Niagara Health’s Emergency Departments (EDs), like many hospitals in Ontario, are feeling the stress of an increase in respiratory illnesses in the region, resulting in more visits, more hospital admissions and longer wait times.
“Our teams are working tirelessly to ensure patients are well cared for as the healthcare system faces this increased pressure,” said Interim Chief of Staff Dr. Satish Chawla.
To help alleviate the stress on our EDs, Niagara Health is asking people to know their healthcare options and only use the EDs for emergencies. Whenever possible, we ask people to contact their family doctor, visit a walk-in clinic or Urgent Care Centre, book a virtual urgent care appointment or call Health811. Pharmacists can also help with more than a dozen common ailments, which may prevent the need for a trip to the ED.
Getting vaccinated for influenza, COVID-19 and RSV (respiratory syncytial virus) can also help people avoid a visit to the ED.
“While anyone can get really sick from viruses like COVID-19, the flu and RSV, we know there are vulnerable people in our community, such as children, the elderly and those with underlying medical conditions, who are more at risk,” said Niagara Region Public Health’s Medical Officer of Health, Dr. Azim Kasmani.
Chawla said while the number of patients seeking care is increasing, the good news is that the severity of the illnesses Niagara Health is treating is lower than in previous years.
“Our healthcare system is already short on health human resources, and we are seeing a seasonal influx of employees also being hit with respiratory illnesses, so this spike in ED visits is hitting us hard,” Chawla said.
In the past two weeks, 6,458 patients – an average of 431 a day – have registered at our EDs in St. Catharines, Niagara Falls and Welland. Additionally, we have an average of 83 people waiting in our EDs for an in-patient hospital bed.
Niagara Health’s in-patient beds are currently at full capacity, which means some patients may be transferred between our hospital sites to make the best use of our resources. Some of these patients are those who occupy hospital beds but no longer require hospital care, however they also can’t be discharged until they find placements elsewhere in the community.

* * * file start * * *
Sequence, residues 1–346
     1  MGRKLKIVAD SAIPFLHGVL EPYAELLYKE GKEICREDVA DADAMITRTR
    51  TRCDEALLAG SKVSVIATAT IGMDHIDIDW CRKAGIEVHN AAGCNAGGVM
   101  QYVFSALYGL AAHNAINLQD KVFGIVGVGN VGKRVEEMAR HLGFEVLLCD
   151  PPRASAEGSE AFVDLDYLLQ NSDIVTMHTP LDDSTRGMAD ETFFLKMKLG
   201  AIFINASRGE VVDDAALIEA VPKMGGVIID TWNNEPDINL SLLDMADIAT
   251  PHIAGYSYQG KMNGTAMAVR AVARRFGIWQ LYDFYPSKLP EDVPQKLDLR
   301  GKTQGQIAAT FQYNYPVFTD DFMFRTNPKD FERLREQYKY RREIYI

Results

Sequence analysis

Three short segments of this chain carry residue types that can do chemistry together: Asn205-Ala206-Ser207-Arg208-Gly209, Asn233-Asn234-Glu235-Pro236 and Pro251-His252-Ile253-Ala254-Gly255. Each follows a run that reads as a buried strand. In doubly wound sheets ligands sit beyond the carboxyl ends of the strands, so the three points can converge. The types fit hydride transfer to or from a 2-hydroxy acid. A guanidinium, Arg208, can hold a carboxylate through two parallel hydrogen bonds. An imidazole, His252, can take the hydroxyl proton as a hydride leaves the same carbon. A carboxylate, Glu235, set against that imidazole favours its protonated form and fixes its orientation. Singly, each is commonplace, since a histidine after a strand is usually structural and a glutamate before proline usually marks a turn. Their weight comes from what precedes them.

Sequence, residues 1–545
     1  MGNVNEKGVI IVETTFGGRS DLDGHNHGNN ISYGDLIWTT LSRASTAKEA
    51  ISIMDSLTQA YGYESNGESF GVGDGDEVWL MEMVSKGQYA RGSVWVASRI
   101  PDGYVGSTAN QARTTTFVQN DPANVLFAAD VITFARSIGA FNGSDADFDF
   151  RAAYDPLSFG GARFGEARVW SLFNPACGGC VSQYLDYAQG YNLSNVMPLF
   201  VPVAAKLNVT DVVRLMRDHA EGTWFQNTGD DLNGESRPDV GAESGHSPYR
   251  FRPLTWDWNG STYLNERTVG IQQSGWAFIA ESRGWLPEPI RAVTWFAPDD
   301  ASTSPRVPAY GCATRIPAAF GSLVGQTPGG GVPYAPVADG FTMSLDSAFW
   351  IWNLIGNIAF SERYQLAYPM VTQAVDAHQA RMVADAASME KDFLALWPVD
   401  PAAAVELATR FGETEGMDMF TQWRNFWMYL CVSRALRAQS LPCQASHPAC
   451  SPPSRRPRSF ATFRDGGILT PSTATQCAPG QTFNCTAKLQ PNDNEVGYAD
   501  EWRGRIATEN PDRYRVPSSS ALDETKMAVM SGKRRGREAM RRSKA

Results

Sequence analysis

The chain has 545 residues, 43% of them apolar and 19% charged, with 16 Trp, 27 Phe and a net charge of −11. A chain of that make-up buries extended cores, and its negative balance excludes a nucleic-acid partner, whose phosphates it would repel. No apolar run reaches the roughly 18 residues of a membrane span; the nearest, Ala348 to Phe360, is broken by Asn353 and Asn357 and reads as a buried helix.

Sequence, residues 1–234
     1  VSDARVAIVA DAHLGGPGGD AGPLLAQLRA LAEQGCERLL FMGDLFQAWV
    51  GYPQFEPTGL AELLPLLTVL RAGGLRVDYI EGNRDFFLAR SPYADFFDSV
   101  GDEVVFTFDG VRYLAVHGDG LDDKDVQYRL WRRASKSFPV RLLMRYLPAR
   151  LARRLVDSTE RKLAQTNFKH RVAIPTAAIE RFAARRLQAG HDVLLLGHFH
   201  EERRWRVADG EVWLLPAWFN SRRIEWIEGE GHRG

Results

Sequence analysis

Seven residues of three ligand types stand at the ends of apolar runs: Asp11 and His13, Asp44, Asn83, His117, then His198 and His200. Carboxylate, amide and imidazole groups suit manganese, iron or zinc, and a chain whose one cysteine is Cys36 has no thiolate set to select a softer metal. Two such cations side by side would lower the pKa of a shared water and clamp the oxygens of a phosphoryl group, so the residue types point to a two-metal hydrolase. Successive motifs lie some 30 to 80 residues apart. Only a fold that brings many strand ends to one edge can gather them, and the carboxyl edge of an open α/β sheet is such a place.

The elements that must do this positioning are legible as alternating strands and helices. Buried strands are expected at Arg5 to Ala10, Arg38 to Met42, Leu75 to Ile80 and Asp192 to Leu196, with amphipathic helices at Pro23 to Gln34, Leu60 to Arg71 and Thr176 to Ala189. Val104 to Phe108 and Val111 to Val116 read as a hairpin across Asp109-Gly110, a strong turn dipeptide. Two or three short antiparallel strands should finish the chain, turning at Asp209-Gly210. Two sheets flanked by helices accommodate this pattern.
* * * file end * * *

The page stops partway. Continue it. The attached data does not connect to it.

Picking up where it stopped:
“We have a strong plan in place to respond to this seasonal increase in hospitalizations, while continuing to provide high quality and safe care for everyone who needs it,” said Heather Paterson, Executive Vice-President of Clinical Operations, adding patients and caregivers are being notified about the plan. “Our plan includes moving some patients to other sites within our region to ensure all patients receive timely and appropriate care based on their medical needs. Each patient will be assessed individually to be sure that a move is safe.”
Niagara Health has also put a number of other strategies in place to help manage the influx of patients, including the upcoming return of our Fit2Sit program, in partnership with Niagara EMS, which, if your condition allows, permits patients to be taken to a chair to sit upright and monitored closely until they can be seen by a doctor or nurse.
“Niagara EMS appreciates the partnership of Niagara Health in pioneering initiatives such as Fit2Sit in Ontario, which help us further reduce offload delays and keep more ambulances in the community,” said EMS Chief Rick Ferron.
Also, Niagara Health is once again reporting COVID outbreaks at our hospitals on our website.
When to visit the Emergency Department
Call 9-1-1 for life-threatening, time-critical emergencies. Go to an Emergency Department to seek treatment for:
- Trouble breathing
- Bleeding that won’t stop
- Chest pain or pressure
- Broken bones
- Partial or total amputation of a limb
- Traumas or injuries to the head
- Deep cuts or wounds
- Severe burns
- Severe pain
- Loss of consciousness, unable to wake
- Sudden headaches, dizziness, weakness, numbness, trouble seeing or speaking
- Mental health issues (overdose, thoughts of suicide, self-harm or harm to others)
- Medical care for sexual and/or intimate partner violence
- Severely ill or injured children and infants
- Obstetrical emergencies (early pregnancy complications, labour and delivery)